EE Life
Frankenstein's Fix, Teardowns, Sideshows, Design Contests, Reader Content & More
Max Maxfield

Want a Voltera Desktop PCB Printer?
Max Maxfield
4 comments
I just received an email from my chum Javi in Spain. "Have you heard about Voltera (VolteraInc.com)? It's a Canadian company that is going to offer desktop-size PCB printers for fast ...

Martin Rowe

No 2014 Punkin Chunkin, What Will You Do?
Martin Rowe
2 comments
American Thanksgiving is next week, and while some people watch (American) football all day, the real competition on TV has become Punkin Chunkin. But there will be no Punkin Chunkin on TV ...

Rich Quinnell

Making the Grade in Industrial Design
Rich Quinnell
15 comments
As every developer knows, there are the paper specifications for a product design, and then there are the real requirements. The paper specs are dry, bland, and rigidly numeric, making ...

Martin Rowe

Book Review: Controlling Radiated Emissions by Design
Martin Rowe
1 Comment
Controlling Radiated Emissions by Design, Third Edition, by Michel Mardiguian. Contributions by Donald L. Sweeney and Roger Swanberg. List price: $89.99 (e-book), $119 (hardcover).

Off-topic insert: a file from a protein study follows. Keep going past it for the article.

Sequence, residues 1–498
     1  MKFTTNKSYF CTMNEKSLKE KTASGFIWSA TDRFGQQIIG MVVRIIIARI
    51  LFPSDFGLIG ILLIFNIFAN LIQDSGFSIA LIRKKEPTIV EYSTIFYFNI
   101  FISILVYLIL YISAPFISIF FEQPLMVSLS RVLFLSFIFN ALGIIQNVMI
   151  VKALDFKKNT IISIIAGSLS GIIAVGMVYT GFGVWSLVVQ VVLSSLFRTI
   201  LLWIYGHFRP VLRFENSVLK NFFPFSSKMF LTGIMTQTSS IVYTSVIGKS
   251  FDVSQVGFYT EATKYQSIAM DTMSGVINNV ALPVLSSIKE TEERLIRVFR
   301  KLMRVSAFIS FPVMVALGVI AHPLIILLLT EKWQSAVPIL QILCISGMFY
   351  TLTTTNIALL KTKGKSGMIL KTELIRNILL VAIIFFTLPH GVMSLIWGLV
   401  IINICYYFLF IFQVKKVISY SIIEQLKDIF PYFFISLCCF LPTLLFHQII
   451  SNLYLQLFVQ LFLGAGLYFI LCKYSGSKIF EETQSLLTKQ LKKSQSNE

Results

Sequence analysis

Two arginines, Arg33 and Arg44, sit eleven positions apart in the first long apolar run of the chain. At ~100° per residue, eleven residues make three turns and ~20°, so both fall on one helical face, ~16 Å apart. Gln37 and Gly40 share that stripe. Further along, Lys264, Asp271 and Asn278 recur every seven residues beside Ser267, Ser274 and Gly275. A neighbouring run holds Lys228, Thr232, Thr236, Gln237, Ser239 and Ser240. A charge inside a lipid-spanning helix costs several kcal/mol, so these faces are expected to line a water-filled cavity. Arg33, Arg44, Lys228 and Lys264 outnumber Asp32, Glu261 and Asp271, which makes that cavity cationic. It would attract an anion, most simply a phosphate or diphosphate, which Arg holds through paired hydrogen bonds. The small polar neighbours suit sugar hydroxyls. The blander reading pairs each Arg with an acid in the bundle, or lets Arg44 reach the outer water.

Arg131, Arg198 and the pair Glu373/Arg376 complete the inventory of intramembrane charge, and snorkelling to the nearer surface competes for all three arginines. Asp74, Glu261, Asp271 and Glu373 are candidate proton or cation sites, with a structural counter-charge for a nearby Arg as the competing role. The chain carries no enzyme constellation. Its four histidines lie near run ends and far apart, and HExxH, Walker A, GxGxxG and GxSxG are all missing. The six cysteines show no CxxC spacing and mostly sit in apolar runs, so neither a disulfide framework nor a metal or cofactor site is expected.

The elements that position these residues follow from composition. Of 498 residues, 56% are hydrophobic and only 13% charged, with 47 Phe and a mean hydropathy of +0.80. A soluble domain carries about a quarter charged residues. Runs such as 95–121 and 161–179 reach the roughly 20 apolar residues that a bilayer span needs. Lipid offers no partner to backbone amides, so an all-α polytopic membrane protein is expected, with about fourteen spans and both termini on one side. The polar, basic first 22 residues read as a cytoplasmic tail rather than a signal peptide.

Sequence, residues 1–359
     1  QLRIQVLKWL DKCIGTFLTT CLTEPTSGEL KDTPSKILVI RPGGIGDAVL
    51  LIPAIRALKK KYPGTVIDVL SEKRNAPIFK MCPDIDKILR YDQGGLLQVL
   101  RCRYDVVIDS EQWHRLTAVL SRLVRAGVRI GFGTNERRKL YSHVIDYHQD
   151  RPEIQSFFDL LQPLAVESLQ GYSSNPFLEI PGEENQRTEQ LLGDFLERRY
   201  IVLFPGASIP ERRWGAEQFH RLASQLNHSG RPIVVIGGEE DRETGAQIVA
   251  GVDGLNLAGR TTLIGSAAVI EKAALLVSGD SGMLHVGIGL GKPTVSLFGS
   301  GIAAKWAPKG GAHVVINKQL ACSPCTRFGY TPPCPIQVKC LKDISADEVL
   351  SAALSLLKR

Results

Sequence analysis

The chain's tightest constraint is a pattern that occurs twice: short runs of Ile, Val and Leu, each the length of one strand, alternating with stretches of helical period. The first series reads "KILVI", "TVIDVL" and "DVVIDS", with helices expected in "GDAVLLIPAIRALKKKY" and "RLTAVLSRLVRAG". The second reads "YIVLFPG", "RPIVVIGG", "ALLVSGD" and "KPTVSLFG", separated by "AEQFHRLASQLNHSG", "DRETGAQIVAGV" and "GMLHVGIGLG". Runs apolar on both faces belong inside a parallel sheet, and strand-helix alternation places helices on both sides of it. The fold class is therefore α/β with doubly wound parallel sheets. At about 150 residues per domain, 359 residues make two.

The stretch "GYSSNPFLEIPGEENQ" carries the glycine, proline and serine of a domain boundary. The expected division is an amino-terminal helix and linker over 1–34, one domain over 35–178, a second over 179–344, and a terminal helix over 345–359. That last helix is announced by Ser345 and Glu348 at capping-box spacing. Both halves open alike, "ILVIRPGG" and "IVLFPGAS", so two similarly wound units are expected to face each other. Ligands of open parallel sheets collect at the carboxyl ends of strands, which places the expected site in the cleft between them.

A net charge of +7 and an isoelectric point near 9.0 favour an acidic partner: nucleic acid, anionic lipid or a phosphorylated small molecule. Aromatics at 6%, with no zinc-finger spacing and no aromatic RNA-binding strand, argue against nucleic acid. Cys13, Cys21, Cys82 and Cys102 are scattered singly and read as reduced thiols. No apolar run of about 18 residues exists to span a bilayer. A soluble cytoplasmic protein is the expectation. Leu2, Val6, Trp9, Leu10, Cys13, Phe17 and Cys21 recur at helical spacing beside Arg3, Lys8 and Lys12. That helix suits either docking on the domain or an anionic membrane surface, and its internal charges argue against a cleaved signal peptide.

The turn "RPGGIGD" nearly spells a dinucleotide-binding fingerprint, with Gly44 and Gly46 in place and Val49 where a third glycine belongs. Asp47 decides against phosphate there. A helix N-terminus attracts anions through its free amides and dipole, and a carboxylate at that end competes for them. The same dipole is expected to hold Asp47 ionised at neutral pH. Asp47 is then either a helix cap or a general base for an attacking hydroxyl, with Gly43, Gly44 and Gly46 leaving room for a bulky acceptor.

Special Video Section
The LT8640 is a 42V, 5A synchronous step-down regulator ...
The LTC2000 high-speed DAC has low noise and excellent ...
How do you protect the load and ensure output continues to ...
General-purpose DACs have applications in instrumentation, ...
Linear Technology demonstrates its latest measurement ...
10:29
Demos from Maxim Integrated at Electronica 2014 show ...
Bosch CEO Stefan Finkbeiner shows off latest combo and ...
STMicroelectronics demoed this simple gesture control ...
Keysight shows you what signals lurk in real-time at 510MHz ...
TE Connectivity's clear-plastic, full-size model car shows ...
Why culture makes Linear Tech a winner.
Recently formed Architects of Modern Power consortium ...
Specially modified Corvette C7 Stingray responds to ex Indy ...
Avagoís ACPL-K30T is the first solid-state driver qualified ...
NXP launches its line of multi-gate, multifunction, ...
Doug Bailey, VP of marketing at Power Integrations, gives a ...
See how to ease software bring-up with DesignWare IP ...
DesignWare IP Prototyping Kits enable fast software ...
This video explores the LT3086, a new member of our LDO+ ...
In todayís modern electronic systems, the need for power ...